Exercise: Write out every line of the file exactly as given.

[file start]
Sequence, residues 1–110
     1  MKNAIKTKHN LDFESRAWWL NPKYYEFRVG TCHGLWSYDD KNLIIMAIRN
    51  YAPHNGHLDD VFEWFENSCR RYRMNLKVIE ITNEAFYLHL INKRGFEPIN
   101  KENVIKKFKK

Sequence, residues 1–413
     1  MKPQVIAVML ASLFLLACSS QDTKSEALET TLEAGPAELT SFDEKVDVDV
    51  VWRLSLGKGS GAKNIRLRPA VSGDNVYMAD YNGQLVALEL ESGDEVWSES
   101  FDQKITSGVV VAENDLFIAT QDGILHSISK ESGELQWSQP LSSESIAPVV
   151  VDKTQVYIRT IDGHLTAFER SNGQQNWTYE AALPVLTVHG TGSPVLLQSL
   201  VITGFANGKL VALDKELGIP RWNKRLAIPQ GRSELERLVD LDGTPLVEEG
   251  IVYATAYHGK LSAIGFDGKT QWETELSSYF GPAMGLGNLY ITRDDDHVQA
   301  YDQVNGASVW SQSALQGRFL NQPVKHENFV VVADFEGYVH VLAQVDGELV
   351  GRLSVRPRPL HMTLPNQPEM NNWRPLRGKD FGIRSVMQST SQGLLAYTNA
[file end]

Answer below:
Sequence, residues 1–110
     1  MKNAIKTKHN LDFESRAWWL NPKYYEFRVG TCHGLWSYDD KNLIIMAIRN
    51  YAPHNGHLDD VFEWFENSCR RYRMNLKVIE ITNEAFYLHL INKRGFEPIN
   101  KENVIKKFKK

Sequence, residues 1–413
     1  MKPQVIAVML ASLFLLACSS QDTKSEALET TLEAGPAELT SFDEKVDVDV
    51  VWRLSLGKGS GAKNIRLRPA VSGDNVYMAD YNGQLVALEL ESGDEVWSES
   101  FDQKITSGVV VAENDLFIAT QDGILHSISK ESGELQWSQP LSSESIAPVV
   151  VDKTQVYIRT IDGHLTAFER SNGQQNWTYE AALPVLTVHG TGSPVLLQSL
   201  VITGFANGKL VALDKELGIP RWNKRLAIPQ GRSELERLVD LDGTPLVEEG
   251  IVYATAYHGK LSAIGFDGKT QWETELSSYF GPAMGLGNLY ITRDDDHVQA
   301  YDQVNGASVW SQSALQGRFL NQPVKHENFV VVADFEGYVH VLAQVDGELV
   351  GRLSVRPRPL HMTLPNQPEM NNWRPLRGKD FGIRSVMQST SQGLLAYTNA